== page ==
When Macy Cupp entered the Marion Municipal Airport in June 2014, she had a goal in mind.

“You can see the passion. She was focused. She told me what her plans were… and she did everything according to the schedule she had laid out,” said Jim McKinney, the President of the Marion Board of Aviation Commissioners. “That’s a focused individual to me.”

Cupp didn’t always know she wanted to be a pilot. As a student at Marion High School, Cupp said she applied to schools without any idea of what she wanted to pursue.

Her junior year, Cupp said she visited her aunt on spring break, and she told Cupp about her friend who is a pilot.

“I came home from spring break and told my dad I wanted to start flying,” she said. “I’m very thankful that I found flying.”

Cupp began studying independently throughout her senior year and joined the Marion Municipal Airport after graduation.

Within two and a half months, Cupp had her private pilot license at the age of 18.

While interning at the Marion Municipal Airport, Cupp learned under Andy Darlington, the airport manager.

“Macy was an excellent student,” Darlington said. “We’re very proud to say we knew her and helped her out in any way.”

Darlington described Cupp as motivated and intelligent, and his memories of her are less about her as a pilot and more about her as a person.

“She was around here a lot,” Darlington said. “We got to know her and her personality and how she handled people. We really like Macy.”

Cupp had the drive and knew what she wanted to do, Darlington said.

“...And she’s done exactly what she wanted to do the first time she walked in here,” he said.

Six years later, after graduating from Purdue’s professional flight program and working as a flight instructor at Western Michigan University, Cupp is now a first officer for SkyWest Airlines at 24 years old.

“I fly just as much as captains,” she said. “The captains make the final decisions for everything, basically.”

While many people have flown in an airplane, not many people know what goes on in the cockpit.

“You would think that maybe we’re super busy, but were only super busy when we are on the ground and when we are taking off and coming in for landing,” Cupp said. “But one of the best parts of the flight is when you get up to cruise.”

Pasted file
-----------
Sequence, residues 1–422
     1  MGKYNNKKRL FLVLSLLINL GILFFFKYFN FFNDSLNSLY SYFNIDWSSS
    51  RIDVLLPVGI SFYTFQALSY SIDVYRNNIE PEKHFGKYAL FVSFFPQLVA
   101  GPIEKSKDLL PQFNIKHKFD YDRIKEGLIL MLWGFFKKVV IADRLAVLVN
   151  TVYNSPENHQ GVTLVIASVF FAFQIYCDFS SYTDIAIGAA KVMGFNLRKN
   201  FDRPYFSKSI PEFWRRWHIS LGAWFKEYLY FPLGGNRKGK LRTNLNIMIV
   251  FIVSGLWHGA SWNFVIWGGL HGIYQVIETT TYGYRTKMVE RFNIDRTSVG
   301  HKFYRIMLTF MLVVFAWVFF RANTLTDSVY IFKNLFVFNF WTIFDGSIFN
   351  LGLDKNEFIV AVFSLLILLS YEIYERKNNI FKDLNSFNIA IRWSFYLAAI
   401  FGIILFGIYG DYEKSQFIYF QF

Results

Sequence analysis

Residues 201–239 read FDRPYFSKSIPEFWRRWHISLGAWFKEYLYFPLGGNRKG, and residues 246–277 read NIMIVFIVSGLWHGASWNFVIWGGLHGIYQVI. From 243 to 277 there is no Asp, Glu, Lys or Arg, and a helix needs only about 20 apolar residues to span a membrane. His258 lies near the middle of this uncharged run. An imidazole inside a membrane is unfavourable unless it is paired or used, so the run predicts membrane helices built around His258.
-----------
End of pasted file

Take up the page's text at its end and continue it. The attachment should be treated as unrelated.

Every trip is different, Cupp said, because she flies with different captains each time.

“You get to know a different person every single time, and they always have different stories to tell and different lives from you,” she said. “It’s a lot of fun.”

Flying connects people, Cupp said.

“You never know what your passengers are doing, but it’s always fun when they are very thankful for the flight that you took them on,” she said.

Cupp flies because she loves the feeling of being in the sky, she said.

“It’s kind of crazy to me that humans have figured out how to do this,” she said.

Since the COVID-19 outbreak, Cupp said the aviation industry had taken a beating.

“We were doing a ton of flying in February and March, and then COVID hit, and I think at most we reduced our flying by 80 percent,” she said. “It was a lot.”

According to Cupp, at this time last year, 2.5 million people went through security, but this year it is down to .5 million people and was down to 100,000 in May.

However, Cupp is optimistic about the future.

“People are feeling a little more comfortable,” she said. “I just think that even after 9-11 happened, the aviation industry bounced back, so I feel like it’s going to be the same for COVID.”

Cupp said the team at the Marion Municipal Airport made her fall in love with flying.

“If you ever go out to the airport on a Saturday, there’s always a group of people chatting and hanging out and telling flying stories,” she said. “Without all of their help, I probably wouldn’t be here. So I’m just very appreciative of them, and the time I go to spend out there.”

During her internship, Cupp’s passion for flying struck McKinney, he said.

“She’s going to go extremely far because of this passion that she has,” McKinney said. “I would love to board an airplane some time and know that she’s the pilot of the aircraft I am riding on.”

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